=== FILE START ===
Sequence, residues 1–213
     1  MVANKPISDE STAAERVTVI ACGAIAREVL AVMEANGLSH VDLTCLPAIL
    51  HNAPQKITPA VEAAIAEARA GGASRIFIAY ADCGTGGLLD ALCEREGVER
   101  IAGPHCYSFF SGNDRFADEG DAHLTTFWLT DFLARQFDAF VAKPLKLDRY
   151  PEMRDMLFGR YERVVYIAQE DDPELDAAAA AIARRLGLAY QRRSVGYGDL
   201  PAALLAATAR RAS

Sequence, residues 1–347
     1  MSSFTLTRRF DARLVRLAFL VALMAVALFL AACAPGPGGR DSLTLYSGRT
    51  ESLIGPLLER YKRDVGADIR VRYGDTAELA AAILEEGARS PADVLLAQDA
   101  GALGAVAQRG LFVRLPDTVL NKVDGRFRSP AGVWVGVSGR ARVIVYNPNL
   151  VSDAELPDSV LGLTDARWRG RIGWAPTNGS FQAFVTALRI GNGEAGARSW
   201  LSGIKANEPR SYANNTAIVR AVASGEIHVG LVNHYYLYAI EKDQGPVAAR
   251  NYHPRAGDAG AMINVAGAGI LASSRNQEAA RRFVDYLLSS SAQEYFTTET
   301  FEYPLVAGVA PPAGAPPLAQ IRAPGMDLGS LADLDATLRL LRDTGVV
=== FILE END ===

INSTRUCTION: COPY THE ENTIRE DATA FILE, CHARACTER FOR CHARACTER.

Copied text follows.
Sequence, residues 1–213
     1  MVANKPISDE STAAERVTVI ACGAIAREVL AVMEANGLSH VDLTCLPAIL
    51  HNAPQKITPA VEAAIAEARA GGASRIFIAY ADCGTGGLLD ALCEREGVER
   101  IAGPHCYSFF SGNDRFADEG DAHLTTFWLT DFLARQFDAF VAKPLKLDRY
   151  PEMRDMLFGR YERVVYIAQE DDPELDAAAA AIARRLGLAY QRRSVGYGDL
   201  PAALLAATAR RAS

Sequence, residues 1–347
     1  MSSFTLTRRF DARLVRLAFL VALMAVALFL AACAPGPGGR DSLTLYSGRT
    51  ESLIGPLLER YKRDVGADIR VRYGDTAELA AAILEEGARS PADVLLAQDA
   101  GALGAVAQRG LFVRLPDTVL NKVDGRFRSP AGVWVGVSGR ARVIVYNPNL
   151  VSDAELPDSV LGLTDARWRG RIGWAPTNGS FQAFVTALRI GNGEAGARSW
   201  LSGIKANEPR SYANNTAIVR AVASGEIHVG LVNHYYLYAI EKDQGPVAAR
   251  NYHPRAGDAG AMINVAGAGI LASSRNQEAA RRFVDYLLSS SAQEYFTTET
   301  FEYPLVAGVA PPAGAPPLAQ IRAPGMDLGS LADLDATLRL LRDTGVV